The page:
Recent market volatility in all sectors has made it difficult to find long-term opportunities that offer value. From a currency perspective, there are few places to park your capital.
In early September the Swiss National Bank pegged the Swiss franc to the euro, stopping the most reliable bull currency trend in its tracks. It seems odd these days to want to be pegged to the euro, but currency appreciation holds its own hazards, and efforts by the Swiss to throw cold water on the franc rally have failed.
Fiat-backed currencies are being rejected. The Eurozone is in trouble, burdened by sovereign debt problems that won’t go away; the U.S. dollar is suppressed by near-zero interest rates, and the Federal Reserve has pledged to keep interest rates exceptionally low (basically zero) through mid-2013.
Commodity-based currencies, the strongest currencies over recent years, are beginning to feel the pain of a global demand retreat — the Australian dollar and Canadian dollar had strong runs, but now appear vulnerable.
This situation confronts the trader with the question: Are there any attractive currencies left?
Yes, there is one — the Chinese yuan.
Economists consider the Chinese currency to be undervalued by as much as 20%. That’s because it’s not a free-floating currency — Chinese policymakers tightly control its exchange rate. They allow it to trade in a tight band against the U.S. dollar, which has remained at a stable 0.5% in either direction. The policymakers keep a tight rein on the currency to keep the country’s export costs low, but the downside to the artificially low exchange rate has been inflation. To combat it, the Chinese have been boosting the yuan’s value slowly. It has risen 7% against the U.S. dollar since mid-2010 (see "Almost free").
In the context of global rejection of fiat currencies, such a slow appreciation is a welcome sign of stability. Yes, there could be dips, particularly if there are pauses in China’s growth, but over the long-term the yuan appears more stable than most currencies, including the dollar, because China is not burdened with the debt load of the West.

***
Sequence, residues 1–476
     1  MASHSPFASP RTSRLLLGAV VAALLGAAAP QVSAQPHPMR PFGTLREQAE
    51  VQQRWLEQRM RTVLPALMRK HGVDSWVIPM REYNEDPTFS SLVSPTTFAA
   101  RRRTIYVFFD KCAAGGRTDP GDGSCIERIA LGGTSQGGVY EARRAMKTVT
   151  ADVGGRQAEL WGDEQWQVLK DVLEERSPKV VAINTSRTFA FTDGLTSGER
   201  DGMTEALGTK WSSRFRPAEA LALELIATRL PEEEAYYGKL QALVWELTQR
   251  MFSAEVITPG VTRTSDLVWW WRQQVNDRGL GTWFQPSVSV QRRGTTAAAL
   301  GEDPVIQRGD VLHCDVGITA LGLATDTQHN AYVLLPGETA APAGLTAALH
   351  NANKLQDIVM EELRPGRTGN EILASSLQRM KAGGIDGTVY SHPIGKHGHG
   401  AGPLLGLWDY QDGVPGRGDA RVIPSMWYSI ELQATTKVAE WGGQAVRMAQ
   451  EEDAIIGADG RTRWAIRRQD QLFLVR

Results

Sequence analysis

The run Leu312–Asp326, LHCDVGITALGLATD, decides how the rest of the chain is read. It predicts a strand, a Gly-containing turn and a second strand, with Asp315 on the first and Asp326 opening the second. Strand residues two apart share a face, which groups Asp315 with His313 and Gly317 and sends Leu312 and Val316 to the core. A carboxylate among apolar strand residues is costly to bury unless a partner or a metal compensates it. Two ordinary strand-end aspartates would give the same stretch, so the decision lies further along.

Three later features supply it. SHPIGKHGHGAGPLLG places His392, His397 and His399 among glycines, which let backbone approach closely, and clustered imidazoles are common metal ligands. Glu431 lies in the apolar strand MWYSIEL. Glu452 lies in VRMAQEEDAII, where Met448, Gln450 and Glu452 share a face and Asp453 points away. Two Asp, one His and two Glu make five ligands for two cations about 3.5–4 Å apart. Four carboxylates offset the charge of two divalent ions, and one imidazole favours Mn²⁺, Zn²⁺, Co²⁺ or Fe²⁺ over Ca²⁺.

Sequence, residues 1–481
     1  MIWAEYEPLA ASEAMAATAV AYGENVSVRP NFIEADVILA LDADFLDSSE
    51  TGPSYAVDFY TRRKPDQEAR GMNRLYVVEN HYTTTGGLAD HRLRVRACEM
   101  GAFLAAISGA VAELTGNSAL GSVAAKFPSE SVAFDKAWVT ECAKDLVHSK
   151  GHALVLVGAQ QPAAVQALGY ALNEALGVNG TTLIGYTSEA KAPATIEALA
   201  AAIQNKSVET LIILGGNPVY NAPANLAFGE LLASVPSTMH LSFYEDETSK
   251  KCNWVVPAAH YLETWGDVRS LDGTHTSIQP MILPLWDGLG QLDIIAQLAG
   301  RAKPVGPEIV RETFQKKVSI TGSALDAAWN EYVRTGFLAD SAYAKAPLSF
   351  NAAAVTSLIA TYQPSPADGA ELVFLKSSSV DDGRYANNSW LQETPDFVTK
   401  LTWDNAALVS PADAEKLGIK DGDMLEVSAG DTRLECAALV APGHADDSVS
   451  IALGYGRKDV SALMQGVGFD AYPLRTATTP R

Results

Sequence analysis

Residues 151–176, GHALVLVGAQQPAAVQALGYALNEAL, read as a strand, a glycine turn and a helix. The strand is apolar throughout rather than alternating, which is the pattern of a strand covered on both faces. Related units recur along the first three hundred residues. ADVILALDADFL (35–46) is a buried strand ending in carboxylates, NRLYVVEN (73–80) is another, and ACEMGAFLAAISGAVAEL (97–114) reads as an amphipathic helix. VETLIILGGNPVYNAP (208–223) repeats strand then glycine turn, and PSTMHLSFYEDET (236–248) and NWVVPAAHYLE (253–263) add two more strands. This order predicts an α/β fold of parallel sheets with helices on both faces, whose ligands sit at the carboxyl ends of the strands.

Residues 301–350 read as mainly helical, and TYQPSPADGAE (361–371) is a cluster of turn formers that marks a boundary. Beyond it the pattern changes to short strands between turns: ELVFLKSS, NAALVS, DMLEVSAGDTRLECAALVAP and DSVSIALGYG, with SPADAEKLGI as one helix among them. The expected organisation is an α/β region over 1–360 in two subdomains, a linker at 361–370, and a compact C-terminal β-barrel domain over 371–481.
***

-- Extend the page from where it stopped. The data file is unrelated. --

Martin Feldstein, Harvard economics professor and National Bureau for Economic Research president emeritus, noted in a recent article that the yuan (renminbi) is likely to rise. "The Chinese government has been reassuring its domestic manufacturers that it will not let the renminbi jump sharply as some foreigners have advocated. But it also has made it clear that the renminbi will continue to rise and it has advocated that its manufacturers shift production to products for the domestic market," Feldstein wrote. "The increased domestic spending in China will increase demand and raise inflationary pressures in two ways: ... A stronger renminbi will reduce the demand for those products and therefore limit that source of inflation [and] also reduces import costs, including the costs of raw materials that are used in Chinese production."
How can you participate in the Chinese yuan? One way is to buy into the Wisdom Tree Chinese Yuan exchange traded fund (CYB) or the soon to be listed (mid-October) CME Group yuan FX futures. The CYB is designed as an easy way to invest in changes in the yuan’s value. It has seen a steady appreciation over the past year, though with more volatility (see "A liquid alternative").
But that’s not the only attraction; this ETF also has an options-chain. This means traders can be more flexible and apply options-based risk management to their investment in the yuan. They can execute tactics like covered call combinations, collecting income by writing call options with higher strike prices.
While many experts believe the Chinese yuan will become the world’s reserve currency eventually, it doesn’t have to in order to appreciate. The bottom line is that in the current global currency chaos, the Chinese yuan looks stronger than most currencies and most likely will continue to get stronger.
Abe Cofnas is the author of "Sentiment Indicators" and the forthcoming "Binary Option Trading: Strategies and Tactics" (Bloomberg Press). He can be reached at firstname.lastname@example.org.